By Caitlin Rydinsky
As Illinoisans face a propane shortage, lawmakers propose a plan to help some businesses and families pay their growing bills.
State Sen. Sam McCann, a Republican from Carlinville, and Sen. Bill Haine, a Democrat from Alton, are proposing legislation to help those who are unable to afford the price of propane from December 2013 to March 2014. The plan would allow more families to apply for the Low Income Home Energy Assistance Program (LIHEAP) by temporarily loosening requirements. They also are looking to establish a $20 million short-term loan program with the Illinois Finance Authority for small businesses, propane distributors and farmers.
“The big concern for everybody right now is $900 to $1,000 is a lot to spend on propane, but I’m worried right now if I don’t buy it, I won’t be able to get it from anywhere,” said Arend Poe, who lives in a rural area between Stewardson and Charleston.
Poe said the last time he filled his tank, he was only able get 150 gallons, which will last him a month. He normally fills his 500-gallon tank to 400 gallons. His supplier, Effingham Equity, gave him a smaller amount because they are experiencing a shortage. They also confirmed they are not accepting new customers.
“Price increases have been quite dramatic, and it is just the market responding to the tight supply and demand,” said Harry Cooney, the manager of energy and customer risk management at GrowMark, which supplies propane to businesses and farmers.
Typically, the price is about $2 per gallon during the winter, but due to the shortage it has spiked to around $5 a gallon.
Lawmakers who are proposing relief are looking to increase LIHEAP funding by $10 million. However, supporters of the idea do not know yet where the money will come from. As part of the plan, the group says the eligibility requirements for LIHEAP would be temporarily raised by $10,000, making a family of four with a yearly income of $44,000 eligible.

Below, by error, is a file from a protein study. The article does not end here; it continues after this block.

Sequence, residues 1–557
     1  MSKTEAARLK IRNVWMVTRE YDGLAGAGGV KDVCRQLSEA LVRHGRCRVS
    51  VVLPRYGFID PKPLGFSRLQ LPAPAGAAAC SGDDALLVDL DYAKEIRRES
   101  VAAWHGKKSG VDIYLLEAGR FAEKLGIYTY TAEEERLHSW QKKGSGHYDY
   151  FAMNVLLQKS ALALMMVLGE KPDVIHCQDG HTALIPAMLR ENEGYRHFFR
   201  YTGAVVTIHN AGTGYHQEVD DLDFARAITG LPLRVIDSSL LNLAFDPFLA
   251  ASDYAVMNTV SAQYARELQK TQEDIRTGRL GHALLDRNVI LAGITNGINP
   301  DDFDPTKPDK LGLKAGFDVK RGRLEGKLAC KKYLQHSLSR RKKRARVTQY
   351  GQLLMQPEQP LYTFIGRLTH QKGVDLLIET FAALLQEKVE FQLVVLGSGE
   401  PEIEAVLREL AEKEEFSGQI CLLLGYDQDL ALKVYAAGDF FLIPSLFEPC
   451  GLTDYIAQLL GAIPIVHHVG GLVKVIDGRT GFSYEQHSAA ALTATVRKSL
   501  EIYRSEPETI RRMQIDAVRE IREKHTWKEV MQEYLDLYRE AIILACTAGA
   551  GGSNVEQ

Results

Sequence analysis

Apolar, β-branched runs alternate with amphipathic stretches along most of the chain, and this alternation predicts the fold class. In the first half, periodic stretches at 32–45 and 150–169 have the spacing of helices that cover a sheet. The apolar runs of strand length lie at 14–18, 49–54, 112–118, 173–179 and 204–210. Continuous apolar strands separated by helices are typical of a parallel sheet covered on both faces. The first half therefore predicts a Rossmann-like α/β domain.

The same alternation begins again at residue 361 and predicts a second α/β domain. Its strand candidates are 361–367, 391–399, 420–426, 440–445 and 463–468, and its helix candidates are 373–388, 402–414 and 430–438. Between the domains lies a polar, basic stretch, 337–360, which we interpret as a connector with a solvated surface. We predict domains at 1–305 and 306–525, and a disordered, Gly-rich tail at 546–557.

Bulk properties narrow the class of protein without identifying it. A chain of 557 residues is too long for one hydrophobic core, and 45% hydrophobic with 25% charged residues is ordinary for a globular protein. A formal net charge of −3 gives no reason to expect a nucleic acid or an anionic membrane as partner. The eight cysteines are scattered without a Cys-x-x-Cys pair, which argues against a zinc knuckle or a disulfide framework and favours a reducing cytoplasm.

As the prices have spiked, families already eligible for LIHEAP assistance are having trouble covering their heating costs. Mindy Brown, the LIHEAP coordinator for Embarras River Basin Agency, which provides assistance to families in eastern Illinois, said that this past week, the agency has assisted 42 families. Even with LIHEAP assistance, which allows up to $1,000 a month, she says households are getting behind on their bills.
Multiple factors contributed to the shortage of propane over the past year, such as pipeline maintenance, exporting propane during milder past winters and the 300 million gallons of propane used to dry crops this past wet harvest season. The recent cold weather that Illinois has experienced has made it worse.
The U.S. Energy Information Administration projected earlier this year that prices for propane and several other natural resources would increase. The price of propane was estimated to increase from last year’s $1.74 a gallon to $2.10 in the Midwest, but because of the cold weather, it has gone higher.
“If you bring all those together, along with what weather people are calling ‘the polar vortex,' which is bitterly, bitterly cold weather, and the result is individuals and families who are having to make very real decisions about whether or not they can adequately heat their homes in the coming days or weeks ahead,” said Sen. Dale Righter, a Republican from Mattoon.
On Monday, Gov. Pat Quinn declared a propane emergency, which has allowed truck drivers within the state to travel longer distances, waived requirements for them to apply for additional licenses while driving through multiple states to bring propane to Illinois and temporarily exempted the tax for out-of state truck drivers within Illinois. Quinn has not taken a stance on the plan from lawmakers.
“We are carefully reviewing the proposal as a way to alleviate the crisis,” said Quinn’s spokesman, Dave Blanchette.